Despite the fact that sports betting legislation in North Carolina passed more than two years ago, its first sportsbook didn’t open until last week. Harrah’s Cherokee Casino and Harrah’s Cherokee Valley opened their respective sportsbooks last Thursday, and residents can finally begin placing wagers. The opening of the first two sportsbooks in the state has already had a significant impact, and many believe that sports betting in North Carolina is just getting started. As sports betting in the state continues to grow, it is possible that sportsbooks like the two that opened last week could have a wide-spread impact that reaches across state lines, drawing bettors from throughout the southern United States.
Gov. Roy Cooper signed Senate Bill 154 into law nearly two years ago. The bill granted the Eastern Band of Cherokee Indians the right to operate sportsbooks at their two existing casinos. The bill allows for wagering on both collegiate and professional sports, as well as off-track racing. The passing of the bill meant that for the first time since the Supreme Court lifted the ban on sports betting in 2018, bettors in North Carolina could finally place wagers on sports, at least at in-person sportsbooks.
Over the past year, in-person sportsbooks throughout the world have been forced to close their doors as casinos and sportsbooks have been forced to impose strict guidelines to prevent the spread of COVID-19. These precautions are a large reason why North Carolina has had such a slow start in the sports betting industry. Now as the nation continues to roll out vaccinations and COVID-19 rates continue to improve, casinos and sportsbooks are slowly reopening with appropriate social distancing and sanitization plans in place. Now, sportsbooks like Harrah’s Cherokee Casino and Harrah’s Cherokee Valley can begin accepting bets.
North Carolina’s first sportsbooks opened just in time for the start of March Madness, which is one of the biggest sports betting events of the year. The new sportsbooks have already drawn a number of crowds interested in placing wagers, and their reach extends beyond state boundaries. Both the Harrah’s Cherokee and Harrah’s Cherokee Valley River are the closest legal sports betting options for Georgians. In fact, at the ribbon cutting ceremony for The Book at Harrah’s Cherokee, the first bet was placed by Atlanta resident Matthew Litsky.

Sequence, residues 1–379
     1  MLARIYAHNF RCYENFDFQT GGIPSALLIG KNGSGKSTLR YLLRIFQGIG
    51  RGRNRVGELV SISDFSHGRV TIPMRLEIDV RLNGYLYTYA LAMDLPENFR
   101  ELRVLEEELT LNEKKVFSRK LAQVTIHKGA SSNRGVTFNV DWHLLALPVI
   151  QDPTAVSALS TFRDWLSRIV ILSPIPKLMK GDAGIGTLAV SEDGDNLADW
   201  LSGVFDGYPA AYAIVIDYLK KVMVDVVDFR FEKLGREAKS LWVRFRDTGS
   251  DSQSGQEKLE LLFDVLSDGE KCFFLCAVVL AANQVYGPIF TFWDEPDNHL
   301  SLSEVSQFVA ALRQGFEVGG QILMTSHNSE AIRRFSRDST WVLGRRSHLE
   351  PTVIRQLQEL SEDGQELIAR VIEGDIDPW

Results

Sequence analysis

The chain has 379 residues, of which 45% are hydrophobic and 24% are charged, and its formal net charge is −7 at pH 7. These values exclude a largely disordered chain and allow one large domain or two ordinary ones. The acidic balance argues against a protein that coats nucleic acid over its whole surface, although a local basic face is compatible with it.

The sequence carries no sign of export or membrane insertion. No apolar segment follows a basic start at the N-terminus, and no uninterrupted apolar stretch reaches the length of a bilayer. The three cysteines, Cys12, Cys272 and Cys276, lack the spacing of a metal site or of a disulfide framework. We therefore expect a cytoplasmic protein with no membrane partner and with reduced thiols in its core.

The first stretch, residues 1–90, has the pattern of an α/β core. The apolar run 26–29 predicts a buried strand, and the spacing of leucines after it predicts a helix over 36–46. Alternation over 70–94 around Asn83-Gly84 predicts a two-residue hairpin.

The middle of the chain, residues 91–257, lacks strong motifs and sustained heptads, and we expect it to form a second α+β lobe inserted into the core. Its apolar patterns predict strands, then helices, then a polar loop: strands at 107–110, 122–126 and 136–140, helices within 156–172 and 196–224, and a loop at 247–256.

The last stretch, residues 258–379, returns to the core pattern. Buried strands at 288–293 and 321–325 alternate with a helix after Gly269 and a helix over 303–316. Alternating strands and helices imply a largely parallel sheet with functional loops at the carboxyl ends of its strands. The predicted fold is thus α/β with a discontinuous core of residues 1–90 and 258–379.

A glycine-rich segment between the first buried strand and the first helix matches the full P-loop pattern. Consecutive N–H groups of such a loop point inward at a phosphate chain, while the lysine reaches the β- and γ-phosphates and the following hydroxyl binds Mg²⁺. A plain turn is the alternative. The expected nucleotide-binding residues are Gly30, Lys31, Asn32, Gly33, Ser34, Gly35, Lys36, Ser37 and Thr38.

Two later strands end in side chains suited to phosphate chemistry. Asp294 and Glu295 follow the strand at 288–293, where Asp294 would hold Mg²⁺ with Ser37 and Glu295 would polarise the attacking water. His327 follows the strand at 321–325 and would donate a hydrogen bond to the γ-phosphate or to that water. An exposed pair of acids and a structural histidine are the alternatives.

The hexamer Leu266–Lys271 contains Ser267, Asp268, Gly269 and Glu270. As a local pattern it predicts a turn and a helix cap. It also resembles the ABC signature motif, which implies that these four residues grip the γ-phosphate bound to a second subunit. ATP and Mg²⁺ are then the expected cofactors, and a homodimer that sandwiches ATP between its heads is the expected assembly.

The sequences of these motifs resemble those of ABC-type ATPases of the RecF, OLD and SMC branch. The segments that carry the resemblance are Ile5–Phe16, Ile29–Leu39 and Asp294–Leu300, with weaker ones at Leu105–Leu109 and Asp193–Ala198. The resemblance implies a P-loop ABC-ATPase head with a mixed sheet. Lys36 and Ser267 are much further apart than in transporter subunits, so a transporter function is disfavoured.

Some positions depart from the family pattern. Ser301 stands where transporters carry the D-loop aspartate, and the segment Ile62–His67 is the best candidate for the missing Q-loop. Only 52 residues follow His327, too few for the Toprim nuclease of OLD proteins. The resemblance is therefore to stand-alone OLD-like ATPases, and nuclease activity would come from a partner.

The First Sportsbooks
The Harrah’s locations offer a number of unique features, and many residents will be relieved to finally visit them after the highly anticipated launch of sports betting in North Carolina. Harrah’s Cherokee Casino’s sportsbook is conveniently dubbed “The Book.” The Book is located approximately three hours west of Charlotte and officially opened on March 18. The casino and sportsbook offer a scenic view of the Appalachian Mountains, drawing visitors from neighboring states like Georgia and Tennessee. The casino and sportsbook sit along a creek on the tribal lands of the Eastern Band of Cherokee Indians and boasts 1,108 rooms that go for $500 a night on a busy weekend. Now with the new sportsbook added, the casino plans to bring an additional 725 rooms later this year.
The Book includes a 90-foot ultra-high-definition screen and seven ticket-writer windows. Bettors will also be able to place wagers at 10 self-service betting kiosks. Located on the Upper Deck of the sportsbook, bettors will find reclining chairs and reserved seating in the Fan Caves where customers can enjoy the sportsbooks’ full beverage service.
Harrah’s Cherokee Valley River is located an hour west of the Cherokee location. This location offers its own enticing amenities, including a 32-foot, ultra-high-definition screen, four ticket writer window, and five self-service kiosks. Like its Cherokee counterpart, Valley River offers reclining chairs and full beverage service. Bettors can also enjoy bar top gaming and a lounge area that can be reserved for private viewing parties.
Now that the first two sportsbooks have opened in the state, many are wondering “What’s next?” Most recently, South Carolina-based Catawba Nation reached a compact with Gov. Cooper that gives them permission to build a casino near Charlotte. Many wonder if a sportsbook could eventually be worked into that deal. At this time, Cherokee officials are contesting the legality of this deal, so a sportsbook in the near future seems out of the question.
Relatively speaking, North Carolina is a bit behind the eight-ball when it comes to sports betting legislation. Nearly half of the states in the country have legalized sports betting, and many have already developed legislation for online betting options, begging the question whether or not North Carolina will add online sports betting as an option in the near future. This option is being actively explored by the North Carolina Lottery Commission, who studied the potential of online sports betting in 2019. At the time, a third party recommended that the commission take the responsibility of online sports betting in the state, but no concrete legislation has been passed at this time. For now, residents will have to settle with the two in-person sportsbooks that are available to them.